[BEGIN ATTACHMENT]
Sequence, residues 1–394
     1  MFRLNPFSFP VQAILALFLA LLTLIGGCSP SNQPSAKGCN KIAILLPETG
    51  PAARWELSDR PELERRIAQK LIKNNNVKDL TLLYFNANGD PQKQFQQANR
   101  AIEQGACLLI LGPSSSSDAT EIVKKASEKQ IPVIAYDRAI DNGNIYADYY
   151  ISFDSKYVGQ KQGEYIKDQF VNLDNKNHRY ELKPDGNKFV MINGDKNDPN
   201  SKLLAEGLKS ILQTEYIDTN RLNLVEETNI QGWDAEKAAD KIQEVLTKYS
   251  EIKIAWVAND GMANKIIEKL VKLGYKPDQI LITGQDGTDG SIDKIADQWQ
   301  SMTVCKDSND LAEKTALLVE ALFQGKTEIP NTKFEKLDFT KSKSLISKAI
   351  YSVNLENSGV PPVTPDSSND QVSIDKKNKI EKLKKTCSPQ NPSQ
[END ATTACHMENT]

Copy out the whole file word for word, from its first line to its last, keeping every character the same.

Sequence, residues 1–394
     1  MFRLNPFSFP VQAILALFLA LLTLIGGCSP SNQPSAKGCN KIAILLPETG
    51  PAARWELSDR PELERRIAQK LIKNNNVKDL TLLYFNANGD PQKQFQQANR
   101  AIEQGACLLI LGPSSSSDAT EIVKKASEKQ IPVIAYDRAI DNGNIYADYY
   151  ISFDSKYVGQ KQGEYIKDQF VNLDNKNHRY ELKPDGNKFV MINGDKNDPN
   201  SKLLAEGLKS ILQTEYIDTN RLNLVEETNI QGWDAEKAAD KIQEVLTKYS
   251  EIKIAWVAND GMANKIIEKL VKLGYKPDQI LITGQDGTDG SIDKIADQWQ
   301  SMTVCKDSND LAEKTALLVE ALFQGKTEIP NTKFEKLDFT KSKSLISKAI
   351  YSVNLENSGV PPVTPDSSND QVSIDKKNKI EKLKKTCSPQ NPSQ